How is Marxist criticism applied to the short story "The Open Boat" by Stephen Crane?

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Despite the fact that these four men came from different social strata prior to the shipwreck, their perceived differences make absolutely no difference whatsoever when faced with the incessant waves, sharks, and the lack of water in their life boat.  It has come down to life and death for these characters, and suddenly differences that might normally seem so significant now seem absolutely trivial (potentially even disappearing entirely).  The fact that, when it matters most, social divisions seem to dissolve and "each man felt [the bond among them] warm him" indicates that these divisions are arbitrary and meaningless.  The correspondent's education would, formerly, have differentiated him from the cook and the oiler. He had learned "to be a hard judge of men;" however, he "knew even at the time that it was the best experience of his life."  As these social distinctions fall away, the men feel a "oneness" with each other.  It is powerful.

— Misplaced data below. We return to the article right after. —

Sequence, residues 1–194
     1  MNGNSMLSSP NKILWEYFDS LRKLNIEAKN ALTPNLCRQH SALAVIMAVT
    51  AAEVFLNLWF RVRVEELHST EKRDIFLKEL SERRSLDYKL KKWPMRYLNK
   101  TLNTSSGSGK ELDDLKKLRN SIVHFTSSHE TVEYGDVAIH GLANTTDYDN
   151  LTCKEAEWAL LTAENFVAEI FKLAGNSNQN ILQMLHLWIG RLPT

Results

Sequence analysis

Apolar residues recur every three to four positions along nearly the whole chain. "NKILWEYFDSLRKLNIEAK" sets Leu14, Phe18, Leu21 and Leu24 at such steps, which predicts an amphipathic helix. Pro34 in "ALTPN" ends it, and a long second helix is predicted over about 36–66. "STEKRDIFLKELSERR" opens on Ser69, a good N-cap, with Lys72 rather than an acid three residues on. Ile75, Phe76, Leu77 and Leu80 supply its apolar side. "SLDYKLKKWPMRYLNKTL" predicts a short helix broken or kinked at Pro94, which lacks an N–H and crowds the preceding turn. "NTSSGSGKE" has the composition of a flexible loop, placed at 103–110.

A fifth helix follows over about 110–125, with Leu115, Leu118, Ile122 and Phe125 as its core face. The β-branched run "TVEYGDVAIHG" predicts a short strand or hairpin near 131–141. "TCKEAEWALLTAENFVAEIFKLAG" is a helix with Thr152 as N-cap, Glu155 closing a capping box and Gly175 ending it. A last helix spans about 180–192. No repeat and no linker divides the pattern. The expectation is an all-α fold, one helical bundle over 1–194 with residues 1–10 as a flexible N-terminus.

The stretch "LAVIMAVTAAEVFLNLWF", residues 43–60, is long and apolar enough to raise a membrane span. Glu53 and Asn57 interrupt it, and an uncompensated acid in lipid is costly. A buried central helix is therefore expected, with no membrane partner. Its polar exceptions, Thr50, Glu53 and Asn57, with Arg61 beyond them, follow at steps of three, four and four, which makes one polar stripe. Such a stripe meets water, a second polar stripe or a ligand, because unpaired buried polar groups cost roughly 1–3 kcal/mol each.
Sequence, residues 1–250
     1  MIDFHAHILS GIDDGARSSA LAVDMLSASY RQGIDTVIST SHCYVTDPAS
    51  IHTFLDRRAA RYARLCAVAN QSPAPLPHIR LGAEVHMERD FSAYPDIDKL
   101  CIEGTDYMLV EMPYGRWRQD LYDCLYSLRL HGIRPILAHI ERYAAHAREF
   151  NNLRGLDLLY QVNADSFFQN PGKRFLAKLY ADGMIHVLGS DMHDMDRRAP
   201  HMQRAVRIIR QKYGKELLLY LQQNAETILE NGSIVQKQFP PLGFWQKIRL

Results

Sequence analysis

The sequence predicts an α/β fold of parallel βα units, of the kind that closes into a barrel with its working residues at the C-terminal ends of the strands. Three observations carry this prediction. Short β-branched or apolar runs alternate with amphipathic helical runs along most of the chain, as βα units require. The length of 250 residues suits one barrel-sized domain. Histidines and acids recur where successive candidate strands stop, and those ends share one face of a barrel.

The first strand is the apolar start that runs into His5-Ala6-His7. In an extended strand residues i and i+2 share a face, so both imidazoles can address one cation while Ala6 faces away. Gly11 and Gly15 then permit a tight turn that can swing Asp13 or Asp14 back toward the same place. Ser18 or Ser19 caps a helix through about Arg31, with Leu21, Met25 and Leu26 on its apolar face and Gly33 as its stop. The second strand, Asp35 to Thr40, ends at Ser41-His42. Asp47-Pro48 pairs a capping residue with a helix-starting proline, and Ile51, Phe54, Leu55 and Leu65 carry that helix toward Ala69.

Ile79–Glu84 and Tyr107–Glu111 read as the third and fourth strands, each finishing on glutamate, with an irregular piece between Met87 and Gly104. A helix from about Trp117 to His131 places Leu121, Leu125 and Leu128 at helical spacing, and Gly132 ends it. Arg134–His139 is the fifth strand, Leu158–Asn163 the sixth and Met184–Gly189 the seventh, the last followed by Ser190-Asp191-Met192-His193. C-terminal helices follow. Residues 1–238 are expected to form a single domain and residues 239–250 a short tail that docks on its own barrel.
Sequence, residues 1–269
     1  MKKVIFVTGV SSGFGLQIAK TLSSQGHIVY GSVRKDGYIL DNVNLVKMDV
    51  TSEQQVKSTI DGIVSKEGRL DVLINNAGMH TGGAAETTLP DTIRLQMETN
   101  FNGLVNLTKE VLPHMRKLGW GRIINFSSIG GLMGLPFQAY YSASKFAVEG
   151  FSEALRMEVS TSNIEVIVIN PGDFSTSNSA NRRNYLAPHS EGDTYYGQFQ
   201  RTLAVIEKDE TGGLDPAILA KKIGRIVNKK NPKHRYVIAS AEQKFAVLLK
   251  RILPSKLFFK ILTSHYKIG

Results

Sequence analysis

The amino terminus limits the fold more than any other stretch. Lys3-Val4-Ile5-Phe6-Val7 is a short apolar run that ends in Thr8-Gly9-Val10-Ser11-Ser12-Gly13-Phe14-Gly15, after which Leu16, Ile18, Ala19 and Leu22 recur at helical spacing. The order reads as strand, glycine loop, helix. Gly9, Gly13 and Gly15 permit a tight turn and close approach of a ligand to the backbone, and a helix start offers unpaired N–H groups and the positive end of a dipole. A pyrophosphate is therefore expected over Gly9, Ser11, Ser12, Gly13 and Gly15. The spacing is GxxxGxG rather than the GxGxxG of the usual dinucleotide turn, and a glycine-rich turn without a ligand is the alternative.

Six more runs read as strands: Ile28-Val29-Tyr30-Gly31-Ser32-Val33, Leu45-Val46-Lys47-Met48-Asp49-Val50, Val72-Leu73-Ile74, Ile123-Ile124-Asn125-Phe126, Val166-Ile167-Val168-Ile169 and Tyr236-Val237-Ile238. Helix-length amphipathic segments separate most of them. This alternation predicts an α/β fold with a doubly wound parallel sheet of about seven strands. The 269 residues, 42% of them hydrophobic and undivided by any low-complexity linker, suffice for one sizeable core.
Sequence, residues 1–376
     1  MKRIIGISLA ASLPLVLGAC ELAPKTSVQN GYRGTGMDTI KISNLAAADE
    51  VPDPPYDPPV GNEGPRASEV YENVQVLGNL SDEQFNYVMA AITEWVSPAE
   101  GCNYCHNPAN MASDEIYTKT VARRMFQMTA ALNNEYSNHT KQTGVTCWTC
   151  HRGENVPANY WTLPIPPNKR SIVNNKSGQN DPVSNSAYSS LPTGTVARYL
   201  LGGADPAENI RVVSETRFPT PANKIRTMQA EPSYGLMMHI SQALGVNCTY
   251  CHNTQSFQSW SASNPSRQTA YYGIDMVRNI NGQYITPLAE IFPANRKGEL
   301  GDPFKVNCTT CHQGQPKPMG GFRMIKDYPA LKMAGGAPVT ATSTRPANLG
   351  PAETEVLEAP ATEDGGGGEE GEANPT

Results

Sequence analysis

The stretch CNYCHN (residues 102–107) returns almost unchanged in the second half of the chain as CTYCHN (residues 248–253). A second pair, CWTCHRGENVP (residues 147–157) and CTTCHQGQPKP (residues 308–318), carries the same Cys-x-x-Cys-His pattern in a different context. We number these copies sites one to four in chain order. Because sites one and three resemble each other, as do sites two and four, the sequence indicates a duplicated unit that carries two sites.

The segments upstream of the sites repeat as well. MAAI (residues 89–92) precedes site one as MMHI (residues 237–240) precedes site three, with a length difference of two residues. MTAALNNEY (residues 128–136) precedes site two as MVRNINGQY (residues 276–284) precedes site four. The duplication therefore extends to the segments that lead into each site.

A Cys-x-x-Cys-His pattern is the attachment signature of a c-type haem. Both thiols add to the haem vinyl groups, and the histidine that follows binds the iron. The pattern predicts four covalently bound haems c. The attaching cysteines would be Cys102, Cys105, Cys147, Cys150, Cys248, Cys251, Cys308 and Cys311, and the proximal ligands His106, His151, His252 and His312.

Crane develops the idea, then, that our...

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